If you want people to read what you write, you have to make it believable. Even in fantasy, your story has to be plausible, even if only within the realms of your readers’ imaginations. If they can suspend their belief for the time it takes them to read about your wild magic, supernatural creatures, zombies or vampires, then you’ll be successful.
To that end, if your fantasy takes place in a specific time and place in history – as mine does – then research becomes a big part of your writing process. And fortunately for me, and my story, I LOVE research!
Though I’m writing a Jewish medieval fantasy (currently writing the second book in a series), the events take place in a world that actually existed – Eastern Europe – so research was necessary. My protagonist’s story starts out in the second half of the 11th century in Silesia, Poland. She and her companions travel to Kievan Rus (modern day Russia) via modern day Ukraine, which was at that time divided between Poland and Kievan Rus. Since Silesia doesn’t exist as such anymore, and Ukraine is now an independent country, I had to research period maps to be sure that where I chose to place my characters was an actual land mass within Poland or Kievan Rus.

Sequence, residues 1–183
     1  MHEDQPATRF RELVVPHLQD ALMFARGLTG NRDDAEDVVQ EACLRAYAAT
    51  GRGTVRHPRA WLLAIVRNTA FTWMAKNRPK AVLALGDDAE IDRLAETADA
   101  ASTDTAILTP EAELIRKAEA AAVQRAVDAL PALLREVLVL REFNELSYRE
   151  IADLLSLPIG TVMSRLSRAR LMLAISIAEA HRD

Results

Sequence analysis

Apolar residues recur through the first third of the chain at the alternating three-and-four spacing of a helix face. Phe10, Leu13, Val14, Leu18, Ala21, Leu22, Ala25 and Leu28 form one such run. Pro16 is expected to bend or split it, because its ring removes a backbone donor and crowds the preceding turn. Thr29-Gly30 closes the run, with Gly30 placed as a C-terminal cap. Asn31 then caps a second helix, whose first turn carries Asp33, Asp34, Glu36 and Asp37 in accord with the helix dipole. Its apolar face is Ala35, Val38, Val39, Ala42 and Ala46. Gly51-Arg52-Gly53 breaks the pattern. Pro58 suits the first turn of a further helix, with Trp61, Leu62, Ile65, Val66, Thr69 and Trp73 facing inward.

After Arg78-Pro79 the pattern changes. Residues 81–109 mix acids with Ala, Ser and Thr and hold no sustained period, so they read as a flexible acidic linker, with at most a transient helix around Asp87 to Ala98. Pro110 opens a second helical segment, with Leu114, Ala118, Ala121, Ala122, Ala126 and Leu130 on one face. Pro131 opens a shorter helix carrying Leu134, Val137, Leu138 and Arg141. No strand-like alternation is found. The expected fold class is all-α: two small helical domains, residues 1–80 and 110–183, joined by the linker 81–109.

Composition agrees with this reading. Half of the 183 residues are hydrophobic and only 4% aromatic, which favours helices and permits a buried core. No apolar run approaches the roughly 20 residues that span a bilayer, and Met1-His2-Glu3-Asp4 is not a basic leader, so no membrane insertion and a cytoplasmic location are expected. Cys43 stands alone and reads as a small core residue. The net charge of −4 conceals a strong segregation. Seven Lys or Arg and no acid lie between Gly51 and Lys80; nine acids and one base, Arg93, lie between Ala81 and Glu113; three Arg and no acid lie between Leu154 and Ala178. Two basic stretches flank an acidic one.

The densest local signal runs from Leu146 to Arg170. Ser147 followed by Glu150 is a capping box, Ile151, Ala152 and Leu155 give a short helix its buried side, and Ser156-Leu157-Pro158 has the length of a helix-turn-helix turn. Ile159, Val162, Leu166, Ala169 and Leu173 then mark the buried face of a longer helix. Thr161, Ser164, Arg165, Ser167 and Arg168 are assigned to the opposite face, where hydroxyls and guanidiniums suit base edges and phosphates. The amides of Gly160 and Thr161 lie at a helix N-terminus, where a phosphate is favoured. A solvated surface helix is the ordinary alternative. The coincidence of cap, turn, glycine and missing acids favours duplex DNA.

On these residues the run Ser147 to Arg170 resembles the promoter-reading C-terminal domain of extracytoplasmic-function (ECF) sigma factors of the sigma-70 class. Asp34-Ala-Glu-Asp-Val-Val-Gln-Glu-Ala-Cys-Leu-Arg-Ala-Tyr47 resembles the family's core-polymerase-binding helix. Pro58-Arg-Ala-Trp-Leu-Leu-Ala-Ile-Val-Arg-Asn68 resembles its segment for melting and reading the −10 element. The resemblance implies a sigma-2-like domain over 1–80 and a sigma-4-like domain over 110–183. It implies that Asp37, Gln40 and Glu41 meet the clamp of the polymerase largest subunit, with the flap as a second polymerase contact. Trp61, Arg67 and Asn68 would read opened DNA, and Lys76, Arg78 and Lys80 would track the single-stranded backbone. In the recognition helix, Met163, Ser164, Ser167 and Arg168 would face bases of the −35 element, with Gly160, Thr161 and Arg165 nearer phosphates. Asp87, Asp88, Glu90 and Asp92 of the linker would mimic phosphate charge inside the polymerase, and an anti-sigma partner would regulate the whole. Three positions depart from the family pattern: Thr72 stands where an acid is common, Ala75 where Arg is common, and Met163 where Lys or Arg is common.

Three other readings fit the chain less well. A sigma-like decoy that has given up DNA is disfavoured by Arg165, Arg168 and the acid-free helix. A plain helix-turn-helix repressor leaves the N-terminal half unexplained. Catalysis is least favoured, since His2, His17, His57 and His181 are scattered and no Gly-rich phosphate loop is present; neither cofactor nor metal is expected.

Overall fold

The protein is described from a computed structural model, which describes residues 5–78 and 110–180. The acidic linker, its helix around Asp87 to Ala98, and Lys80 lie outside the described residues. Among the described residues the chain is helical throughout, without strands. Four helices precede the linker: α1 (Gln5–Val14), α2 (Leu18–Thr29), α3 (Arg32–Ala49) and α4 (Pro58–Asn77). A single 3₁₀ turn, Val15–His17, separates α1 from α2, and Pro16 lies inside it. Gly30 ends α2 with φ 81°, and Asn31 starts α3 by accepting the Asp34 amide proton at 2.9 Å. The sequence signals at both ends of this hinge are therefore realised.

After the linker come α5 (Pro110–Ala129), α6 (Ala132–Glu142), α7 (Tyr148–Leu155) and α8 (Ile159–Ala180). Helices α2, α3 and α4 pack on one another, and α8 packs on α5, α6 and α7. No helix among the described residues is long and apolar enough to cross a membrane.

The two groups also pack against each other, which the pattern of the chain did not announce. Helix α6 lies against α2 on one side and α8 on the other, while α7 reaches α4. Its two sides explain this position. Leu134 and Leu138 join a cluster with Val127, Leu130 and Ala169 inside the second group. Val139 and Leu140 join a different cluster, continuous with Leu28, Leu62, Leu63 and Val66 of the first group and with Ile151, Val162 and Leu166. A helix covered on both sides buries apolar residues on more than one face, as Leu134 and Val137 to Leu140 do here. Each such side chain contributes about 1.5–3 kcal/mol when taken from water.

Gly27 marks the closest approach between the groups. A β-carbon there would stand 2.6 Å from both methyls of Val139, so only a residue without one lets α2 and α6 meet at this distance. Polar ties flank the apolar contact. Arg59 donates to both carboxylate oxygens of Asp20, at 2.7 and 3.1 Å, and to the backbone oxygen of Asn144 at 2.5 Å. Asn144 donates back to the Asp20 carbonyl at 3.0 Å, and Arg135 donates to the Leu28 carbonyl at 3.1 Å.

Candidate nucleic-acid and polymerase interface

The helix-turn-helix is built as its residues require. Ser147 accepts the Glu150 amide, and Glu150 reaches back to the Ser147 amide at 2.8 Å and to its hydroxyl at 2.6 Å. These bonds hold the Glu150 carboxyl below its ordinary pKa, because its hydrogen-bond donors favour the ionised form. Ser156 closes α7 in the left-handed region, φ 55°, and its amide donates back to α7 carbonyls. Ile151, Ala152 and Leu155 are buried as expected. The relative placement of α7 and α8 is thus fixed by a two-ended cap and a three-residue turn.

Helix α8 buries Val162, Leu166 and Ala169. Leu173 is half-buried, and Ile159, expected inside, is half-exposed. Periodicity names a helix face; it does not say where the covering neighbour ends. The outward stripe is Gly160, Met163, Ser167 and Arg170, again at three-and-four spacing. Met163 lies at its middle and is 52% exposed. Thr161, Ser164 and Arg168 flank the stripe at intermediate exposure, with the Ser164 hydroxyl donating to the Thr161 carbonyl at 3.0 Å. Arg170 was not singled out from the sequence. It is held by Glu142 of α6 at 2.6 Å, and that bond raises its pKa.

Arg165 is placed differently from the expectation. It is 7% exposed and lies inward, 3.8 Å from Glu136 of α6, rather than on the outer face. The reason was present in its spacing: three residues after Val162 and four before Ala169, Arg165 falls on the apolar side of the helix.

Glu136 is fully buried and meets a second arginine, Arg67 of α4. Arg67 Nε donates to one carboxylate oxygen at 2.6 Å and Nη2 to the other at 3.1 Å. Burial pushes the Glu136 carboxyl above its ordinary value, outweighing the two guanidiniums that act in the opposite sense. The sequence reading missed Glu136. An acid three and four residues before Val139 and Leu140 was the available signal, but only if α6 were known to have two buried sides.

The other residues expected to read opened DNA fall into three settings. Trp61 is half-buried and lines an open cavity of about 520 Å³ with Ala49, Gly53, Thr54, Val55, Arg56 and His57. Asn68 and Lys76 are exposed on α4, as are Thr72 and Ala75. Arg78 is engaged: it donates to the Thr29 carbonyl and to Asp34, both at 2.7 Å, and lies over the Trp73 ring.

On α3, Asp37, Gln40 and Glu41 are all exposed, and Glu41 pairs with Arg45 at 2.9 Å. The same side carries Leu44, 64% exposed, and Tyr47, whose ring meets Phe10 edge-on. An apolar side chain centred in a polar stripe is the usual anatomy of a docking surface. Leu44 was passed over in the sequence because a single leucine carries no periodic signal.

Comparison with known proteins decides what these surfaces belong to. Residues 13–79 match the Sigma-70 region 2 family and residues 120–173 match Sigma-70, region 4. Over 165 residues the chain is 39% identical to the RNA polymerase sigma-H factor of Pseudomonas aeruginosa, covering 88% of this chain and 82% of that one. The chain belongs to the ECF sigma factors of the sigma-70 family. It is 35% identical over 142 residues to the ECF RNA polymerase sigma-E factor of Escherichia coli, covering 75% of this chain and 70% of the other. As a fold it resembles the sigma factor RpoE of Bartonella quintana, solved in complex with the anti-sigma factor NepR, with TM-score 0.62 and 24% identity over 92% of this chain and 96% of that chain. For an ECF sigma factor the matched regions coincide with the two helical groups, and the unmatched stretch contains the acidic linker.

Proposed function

I had the opportunity in the summer of 2010 to travel to Eastern Europe to follow this path. Even though it’s almost a millennium later, research of the medieval landscape in those areas led me to believe that it’s not extremely different today – at least not in the rural areas or the heritage sites. So while very few medieval settlements still exist as anything other than well-preserved ruins, I was able to “get a feel” for the people and their environments, simply by visiting the countries in their modern incarnation.
Since my protagonist is not only Jewish, but a healer and archer facing annihilation of her home, my research extended into medieval Judaic practices, mysticism, medieval medicine, Eastern European medieval clothing, and medieval warfare.
The most difficult of these to track down were the medieval Judaic practices and daily life as pertaining to women, and Eastern European daily costumes. Quite often, valuable information can be found in fiction, as well as historical/non-fiction references. Maggie Anton’s RASHI’S DAUGHTERS trilogy and Michelle Cameron’s THE FRUIT OF HER HANDS were especially helpful with regards to describing the daily lives of Jewish women, textiles and styles of the era, and providing other historical references.
My own research is extensive and almost fully half of it is from fictional sources. Should you be interested in seeing my bibliography, you can read the ever-growing list by clicking on the “Research” tab at the top of this blog.